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The Farm slates Opry gig

Tuesday, January 31, 2012 – Country trio The Farm is set to make their Grand Ole Opry Feb. 10.

Comprised of members Nick Hoffman (vocals, fiddle), Damien Horne (vocals, keyboard, guitar) and Krista Marie (vocals, guitar), the act is keen on vocal harmonies. Performing as an acoustic trio for their Opry debut, the milestone follows the success of the band's first single release, Home Sweet Home, now 38 on Mediabase with more than 70 monitored stations playing the song.

The track will be featured on the band's forthcoming debut album, which will be released later this year via All-In Records/Elektra Nashville, co-produced by Hoffman and songwriter, Danny Myrick.

"Playing the Grand Ole Opry is a dream of all dreams, as an artist, a fan and an African American. I am honored and humbled by this opportunity," said Horne.

"One of the very first things I did after moving to Music City was visit the Grand Ole Opry. It was so exciting and intimidating to stand on the stage where all the legends have played. The last time my grandmother came to visit, she said, 'I can't wait until the day you are playing here. I won't miss it.' It's now two years since she passed, but I know that she will be there, and have the best seat in the house. I'm honored to be sharing this special moment with my amazing partners, Nick and Damien," Marie said.

"Being invited to play the Grand Ole Opry is, simply put, a dream come true. As a fiddle player, one of my earliest inspirations was and still is the great Opry star Roy Acuff. When I first saw him spin his bow and play that fiddle on TV, I knew that Nashville was the place for me. All of my heroes are Opry Stars. I still spin my bow around on stage as a bit of a tribute to Mr. Acuff. It'll be one of the great moments of my life to stand where they stood," said Hoffman.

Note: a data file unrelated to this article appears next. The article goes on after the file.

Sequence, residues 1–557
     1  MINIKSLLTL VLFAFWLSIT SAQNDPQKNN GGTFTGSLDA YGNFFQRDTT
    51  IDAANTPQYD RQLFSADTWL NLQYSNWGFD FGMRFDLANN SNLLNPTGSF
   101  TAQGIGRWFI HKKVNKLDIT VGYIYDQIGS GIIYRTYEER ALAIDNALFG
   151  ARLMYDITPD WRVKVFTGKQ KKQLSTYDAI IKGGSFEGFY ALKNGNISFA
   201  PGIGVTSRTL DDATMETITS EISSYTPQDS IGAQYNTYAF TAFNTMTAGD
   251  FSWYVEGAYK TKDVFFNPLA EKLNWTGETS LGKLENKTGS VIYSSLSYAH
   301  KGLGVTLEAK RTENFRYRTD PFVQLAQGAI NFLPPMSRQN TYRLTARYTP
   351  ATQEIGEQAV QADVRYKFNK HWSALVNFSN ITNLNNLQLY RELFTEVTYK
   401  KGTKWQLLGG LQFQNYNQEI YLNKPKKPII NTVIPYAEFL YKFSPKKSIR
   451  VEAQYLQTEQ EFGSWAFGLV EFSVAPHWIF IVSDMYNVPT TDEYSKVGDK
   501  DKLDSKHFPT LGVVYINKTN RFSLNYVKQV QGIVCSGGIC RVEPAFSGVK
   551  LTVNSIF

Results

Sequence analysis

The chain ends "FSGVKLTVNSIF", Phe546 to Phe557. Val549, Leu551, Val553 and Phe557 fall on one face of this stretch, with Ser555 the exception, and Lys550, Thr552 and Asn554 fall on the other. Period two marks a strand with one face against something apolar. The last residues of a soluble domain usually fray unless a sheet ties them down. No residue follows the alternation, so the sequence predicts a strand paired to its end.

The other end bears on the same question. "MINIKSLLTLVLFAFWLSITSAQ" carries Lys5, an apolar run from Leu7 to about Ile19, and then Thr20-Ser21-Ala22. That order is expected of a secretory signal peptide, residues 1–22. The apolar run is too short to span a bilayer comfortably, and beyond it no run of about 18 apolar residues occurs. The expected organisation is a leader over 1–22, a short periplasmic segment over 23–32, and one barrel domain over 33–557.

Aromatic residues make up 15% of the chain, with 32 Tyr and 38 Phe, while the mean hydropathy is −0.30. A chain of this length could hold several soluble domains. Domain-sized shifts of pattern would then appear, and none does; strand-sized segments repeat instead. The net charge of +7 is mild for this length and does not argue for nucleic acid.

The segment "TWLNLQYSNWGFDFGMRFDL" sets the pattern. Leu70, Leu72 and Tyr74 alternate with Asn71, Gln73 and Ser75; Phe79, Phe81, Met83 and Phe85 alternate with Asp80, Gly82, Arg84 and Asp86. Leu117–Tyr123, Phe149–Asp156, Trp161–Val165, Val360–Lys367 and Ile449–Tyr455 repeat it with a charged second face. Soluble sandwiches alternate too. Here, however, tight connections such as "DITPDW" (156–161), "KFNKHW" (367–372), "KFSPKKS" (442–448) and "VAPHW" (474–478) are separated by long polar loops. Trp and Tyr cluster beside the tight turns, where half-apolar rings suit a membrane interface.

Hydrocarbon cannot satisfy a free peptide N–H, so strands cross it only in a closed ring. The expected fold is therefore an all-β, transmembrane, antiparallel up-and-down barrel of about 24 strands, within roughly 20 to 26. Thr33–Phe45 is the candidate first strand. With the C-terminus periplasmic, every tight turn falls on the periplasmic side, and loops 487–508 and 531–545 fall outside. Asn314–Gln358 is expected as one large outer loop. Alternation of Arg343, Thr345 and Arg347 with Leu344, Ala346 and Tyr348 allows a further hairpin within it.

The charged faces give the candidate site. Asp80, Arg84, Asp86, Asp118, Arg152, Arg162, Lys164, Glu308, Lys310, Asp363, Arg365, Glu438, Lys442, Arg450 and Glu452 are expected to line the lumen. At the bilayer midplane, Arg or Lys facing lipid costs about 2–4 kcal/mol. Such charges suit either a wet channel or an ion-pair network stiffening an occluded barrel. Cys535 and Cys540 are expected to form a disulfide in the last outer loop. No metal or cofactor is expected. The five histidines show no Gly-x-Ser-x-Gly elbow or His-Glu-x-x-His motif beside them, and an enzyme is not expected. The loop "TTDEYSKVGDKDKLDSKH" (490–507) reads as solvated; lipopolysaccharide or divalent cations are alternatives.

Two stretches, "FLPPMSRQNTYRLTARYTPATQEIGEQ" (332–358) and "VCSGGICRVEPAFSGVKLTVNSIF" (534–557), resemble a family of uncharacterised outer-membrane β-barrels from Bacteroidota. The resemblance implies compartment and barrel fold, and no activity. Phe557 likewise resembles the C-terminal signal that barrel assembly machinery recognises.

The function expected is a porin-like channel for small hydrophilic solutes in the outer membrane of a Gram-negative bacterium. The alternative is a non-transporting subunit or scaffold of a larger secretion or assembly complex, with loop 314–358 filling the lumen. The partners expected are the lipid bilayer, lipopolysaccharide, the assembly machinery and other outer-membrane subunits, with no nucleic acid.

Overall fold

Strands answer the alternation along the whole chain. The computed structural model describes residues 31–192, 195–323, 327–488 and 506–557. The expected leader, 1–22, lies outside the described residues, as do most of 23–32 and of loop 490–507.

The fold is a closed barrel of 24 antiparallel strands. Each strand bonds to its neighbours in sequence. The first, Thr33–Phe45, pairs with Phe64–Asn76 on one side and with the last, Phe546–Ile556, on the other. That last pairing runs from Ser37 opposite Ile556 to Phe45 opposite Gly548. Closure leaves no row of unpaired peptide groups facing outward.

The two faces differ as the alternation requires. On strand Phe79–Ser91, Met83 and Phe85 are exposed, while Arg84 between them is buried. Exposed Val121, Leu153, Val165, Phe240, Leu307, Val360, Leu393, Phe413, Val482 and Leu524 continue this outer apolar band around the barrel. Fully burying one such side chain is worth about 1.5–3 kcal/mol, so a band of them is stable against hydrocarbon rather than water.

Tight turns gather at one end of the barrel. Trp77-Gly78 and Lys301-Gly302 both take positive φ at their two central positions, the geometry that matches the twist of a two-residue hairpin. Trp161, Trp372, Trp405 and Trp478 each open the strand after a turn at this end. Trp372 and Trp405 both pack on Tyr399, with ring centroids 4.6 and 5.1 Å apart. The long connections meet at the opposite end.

More news for The Farm

CD reviews for The Farm

The Farm CD review - The Farm
The Farm seem constructed to touch all bases. The two-male (Nick Hoffman and Damien Horne) one female (Krista Marie, a former Broken Bow artist) line-up come up with a bunch of generally big sounding, commercially viable songs. Home Sweet Home, the trio's charting single, merges vocal interplay, an ever present fiddle, courtesy of Hoffman (Kenny Chesney's fiddler for 10 years), and a lot of big chord guitar work. They tend to repeat the formula throughout the 11 songs. »»»
Editorial: Walking the talk – When names like Hank Williams, Johnny Cash, Waylon and the Hag are invoked, you're talking hard core country. These are the touchstones of country , the guys who made country music what it was and still is (or maybe can be). When these folks would sing about being down-and-out and the rough-and-tumble, they knew of what they were singing about. Fast forward a few years to the country singers of today. »»»
Concert Review: The Lil Smokies provide the perfect antidote – On a night when the world to be falling further apart thanks to coronavirus (this would be the night the NBA postponed the season), there stood The Lil Smokies to at least in some small measure save the day. The quintet is part of a generation of musicians with bluegrass as the basis, but not totally the sum of the music either.... »»»
Concert Review: White makes the case for himself, no matter how dark the music – John Paul White opined with a glint in his eyes that his songs were not of the uplifting variety. In fact, they were downright dark. How else to explain "The Long Way" with the line "long way home back to you." Or "James," a song inspired by his grandfather who suffered from dementia. But lest you think that the Alabama... »»»
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